- Decentralized marketplace OpenBazaar said Friday that it did not have sufficient funding to continue.
- One of the longest-running decentralized marketplaces, OpenBazaar said it had “no choice” but to shut down its services due to a lack of user growth.
- But it said it could continue if the community makes donations.
Update: this article has been amended to add comments from OpenBazaar.
Decentralized marketplace OpenBazaar said on Friday that it will close down unless it receives more financial support.
OpenBazaar said in an announcement that its services—seed nodes, API wallet, exchange rate API—would be shutting down unless significant donations are sent. A representative from OpenBazaar told Decrypt “a We don’t have a solid target at the moment but a soft one for us is 100k to keep it up for the next year.”
The marketplace said that it had “no choice” but to shut down its services due to a lack of “level of user growth and adoption.”
OpenBazaar, launched in 2014, is one of the longest-running decentralized marketplaces.
Decentralized marketplaces are trustless networks allowing people to buy and sell goods online. They don’t have a single entity controlling them—like Amazon—and anyone can help run their peer-to-peer networks.
Since launching, nearly $44 million in cryptocurrency has been sent over the platform to buy anything from sneakers and laptops to boardgames and chocolate. This is small potatoes compared to darknet markets, which, combined, trade anywhere from $5-15 million each day, according to analysis of 2019 data by Chainalysis.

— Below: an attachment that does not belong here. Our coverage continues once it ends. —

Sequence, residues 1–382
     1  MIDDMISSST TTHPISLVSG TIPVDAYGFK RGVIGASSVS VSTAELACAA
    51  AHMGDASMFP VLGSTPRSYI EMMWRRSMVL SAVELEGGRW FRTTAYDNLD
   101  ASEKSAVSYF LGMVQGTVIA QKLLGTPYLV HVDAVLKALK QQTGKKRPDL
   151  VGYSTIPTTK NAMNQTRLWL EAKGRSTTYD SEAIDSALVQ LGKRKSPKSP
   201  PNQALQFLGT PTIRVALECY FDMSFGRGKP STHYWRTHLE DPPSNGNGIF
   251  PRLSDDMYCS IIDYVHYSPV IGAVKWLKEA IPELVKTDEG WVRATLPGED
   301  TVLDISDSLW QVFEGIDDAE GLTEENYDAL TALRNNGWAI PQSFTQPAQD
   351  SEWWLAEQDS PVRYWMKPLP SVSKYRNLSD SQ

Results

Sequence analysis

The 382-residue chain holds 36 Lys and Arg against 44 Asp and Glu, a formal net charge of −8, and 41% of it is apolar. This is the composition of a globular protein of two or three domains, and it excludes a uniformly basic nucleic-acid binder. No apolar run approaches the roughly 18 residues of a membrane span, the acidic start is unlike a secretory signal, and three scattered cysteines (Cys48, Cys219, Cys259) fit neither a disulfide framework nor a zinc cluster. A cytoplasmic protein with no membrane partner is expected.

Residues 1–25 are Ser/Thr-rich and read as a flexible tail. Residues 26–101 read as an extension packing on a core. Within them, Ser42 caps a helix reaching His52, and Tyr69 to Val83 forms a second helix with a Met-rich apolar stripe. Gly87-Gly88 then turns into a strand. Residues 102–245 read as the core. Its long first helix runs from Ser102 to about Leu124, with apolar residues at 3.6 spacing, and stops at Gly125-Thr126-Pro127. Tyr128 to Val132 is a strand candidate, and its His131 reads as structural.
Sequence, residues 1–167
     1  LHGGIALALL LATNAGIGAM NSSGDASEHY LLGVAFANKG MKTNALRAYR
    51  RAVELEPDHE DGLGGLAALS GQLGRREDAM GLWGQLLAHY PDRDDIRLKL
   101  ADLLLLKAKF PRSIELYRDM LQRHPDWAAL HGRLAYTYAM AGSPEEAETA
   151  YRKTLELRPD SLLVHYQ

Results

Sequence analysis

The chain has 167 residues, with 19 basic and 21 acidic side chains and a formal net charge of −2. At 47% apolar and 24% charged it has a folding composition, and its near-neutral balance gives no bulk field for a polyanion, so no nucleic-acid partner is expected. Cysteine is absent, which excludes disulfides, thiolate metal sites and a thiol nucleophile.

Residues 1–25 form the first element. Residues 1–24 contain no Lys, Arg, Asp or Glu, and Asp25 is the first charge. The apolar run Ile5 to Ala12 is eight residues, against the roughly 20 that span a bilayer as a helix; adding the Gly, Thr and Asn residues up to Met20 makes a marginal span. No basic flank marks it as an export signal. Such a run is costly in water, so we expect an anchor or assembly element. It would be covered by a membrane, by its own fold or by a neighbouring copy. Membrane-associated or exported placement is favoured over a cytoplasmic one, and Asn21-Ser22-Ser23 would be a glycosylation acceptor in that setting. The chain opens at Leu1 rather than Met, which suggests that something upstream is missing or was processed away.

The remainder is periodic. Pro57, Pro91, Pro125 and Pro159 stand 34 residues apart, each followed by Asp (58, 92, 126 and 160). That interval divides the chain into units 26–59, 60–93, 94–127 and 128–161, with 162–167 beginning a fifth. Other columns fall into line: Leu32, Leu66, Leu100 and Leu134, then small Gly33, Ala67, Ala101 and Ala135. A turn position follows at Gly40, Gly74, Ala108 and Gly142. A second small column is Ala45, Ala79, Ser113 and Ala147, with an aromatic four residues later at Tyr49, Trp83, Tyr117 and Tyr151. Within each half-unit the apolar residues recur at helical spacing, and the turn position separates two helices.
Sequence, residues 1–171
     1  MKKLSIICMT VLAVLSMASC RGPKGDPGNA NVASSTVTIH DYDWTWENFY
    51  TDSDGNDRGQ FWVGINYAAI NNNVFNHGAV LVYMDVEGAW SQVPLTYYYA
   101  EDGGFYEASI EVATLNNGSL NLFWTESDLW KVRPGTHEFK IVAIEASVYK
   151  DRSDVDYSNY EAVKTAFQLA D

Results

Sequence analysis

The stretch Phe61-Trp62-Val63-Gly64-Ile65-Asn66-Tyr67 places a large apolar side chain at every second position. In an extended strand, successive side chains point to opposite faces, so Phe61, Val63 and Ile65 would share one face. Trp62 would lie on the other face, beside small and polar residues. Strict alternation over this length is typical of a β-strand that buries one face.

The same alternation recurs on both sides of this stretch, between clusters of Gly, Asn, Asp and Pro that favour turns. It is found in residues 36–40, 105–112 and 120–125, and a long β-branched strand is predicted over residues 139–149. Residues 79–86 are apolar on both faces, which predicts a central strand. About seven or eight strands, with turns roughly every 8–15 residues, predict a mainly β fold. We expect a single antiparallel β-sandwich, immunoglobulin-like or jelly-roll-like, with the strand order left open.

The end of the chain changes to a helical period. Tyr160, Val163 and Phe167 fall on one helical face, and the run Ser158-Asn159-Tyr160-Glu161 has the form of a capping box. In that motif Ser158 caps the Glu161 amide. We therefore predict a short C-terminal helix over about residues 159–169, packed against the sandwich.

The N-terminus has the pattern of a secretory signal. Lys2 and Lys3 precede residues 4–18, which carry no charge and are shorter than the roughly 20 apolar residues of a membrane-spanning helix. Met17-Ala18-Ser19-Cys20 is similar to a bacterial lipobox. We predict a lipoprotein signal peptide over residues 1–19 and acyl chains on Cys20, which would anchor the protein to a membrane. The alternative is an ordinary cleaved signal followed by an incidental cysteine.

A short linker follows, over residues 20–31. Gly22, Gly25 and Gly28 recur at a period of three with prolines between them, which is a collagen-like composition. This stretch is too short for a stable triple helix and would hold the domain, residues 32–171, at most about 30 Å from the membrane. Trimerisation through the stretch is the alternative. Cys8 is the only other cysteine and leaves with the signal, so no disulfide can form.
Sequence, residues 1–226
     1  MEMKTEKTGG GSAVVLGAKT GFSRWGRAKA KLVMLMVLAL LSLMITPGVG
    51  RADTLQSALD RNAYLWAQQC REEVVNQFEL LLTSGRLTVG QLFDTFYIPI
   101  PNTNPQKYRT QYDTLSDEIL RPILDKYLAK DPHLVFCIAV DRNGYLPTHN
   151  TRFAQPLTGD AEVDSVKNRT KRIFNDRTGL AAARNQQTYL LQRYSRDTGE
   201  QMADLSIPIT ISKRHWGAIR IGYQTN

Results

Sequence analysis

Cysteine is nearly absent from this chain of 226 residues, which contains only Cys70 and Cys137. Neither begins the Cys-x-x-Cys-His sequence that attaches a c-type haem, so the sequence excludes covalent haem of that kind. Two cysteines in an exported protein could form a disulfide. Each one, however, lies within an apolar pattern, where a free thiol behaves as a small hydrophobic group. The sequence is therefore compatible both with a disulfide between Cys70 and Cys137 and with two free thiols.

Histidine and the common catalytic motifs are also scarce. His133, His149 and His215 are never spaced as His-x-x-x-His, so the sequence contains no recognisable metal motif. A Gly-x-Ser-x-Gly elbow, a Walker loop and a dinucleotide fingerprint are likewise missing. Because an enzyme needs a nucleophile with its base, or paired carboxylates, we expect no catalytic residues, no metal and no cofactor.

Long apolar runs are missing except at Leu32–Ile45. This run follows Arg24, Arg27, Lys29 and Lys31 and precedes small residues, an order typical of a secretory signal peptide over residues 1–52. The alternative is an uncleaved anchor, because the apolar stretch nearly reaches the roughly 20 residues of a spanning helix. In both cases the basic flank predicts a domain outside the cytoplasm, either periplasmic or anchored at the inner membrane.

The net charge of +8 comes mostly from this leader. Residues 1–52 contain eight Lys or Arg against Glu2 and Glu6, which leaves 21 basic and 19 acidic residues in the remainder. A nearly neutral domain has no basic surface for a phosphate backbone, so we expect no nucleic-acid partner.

OpenBazaar says it does not cater to illicit commerce, though various prescription medications like oxycontin and tramadol—illegal to buy online in some countries—are available on the marketplace.
OpenBazaar said that its messaging and wallet app, Haven, will also stop working on October 1.
Instructions on how users can release their funds will be published in “coming days,” the marketplace said. OpenBazaar’s search engine and Blockbook indexer code will also be made open-source “for those that may want to run the infrastructure privately.”
But the marketplace added that there was still hope to save its services. “There is only one possibility for OpenBazaar and Haven to continue, and cancel the shutdown: community support,” it said.
At the time of writing, the marketplace has received $11,672.44 in Bitcoin donations; $979.78 in Ethereum; $110.76 in Bitcoin Cash; $13.47 in Litecoin; and less than $10 in Zcash. OpenBazaar does not state how much it needs to remain operational.
OpenBazaar allows users to buy and sell goods online with cryptocurrencies, including Bitcoin, Bitcoin Cash and Ethereum.
Unlike other online marketplaces—like eBay—there are no fees to list or sell goods on OpenBazaar and no middleman taking a cut.
An open-source project, there is no single entity running OpenBazaar but rather a number of developers who help the peer-to-peer network function.
OpenBazaar launched in April 2014 at a hackathon in Toronto as a project called “Dark Market.”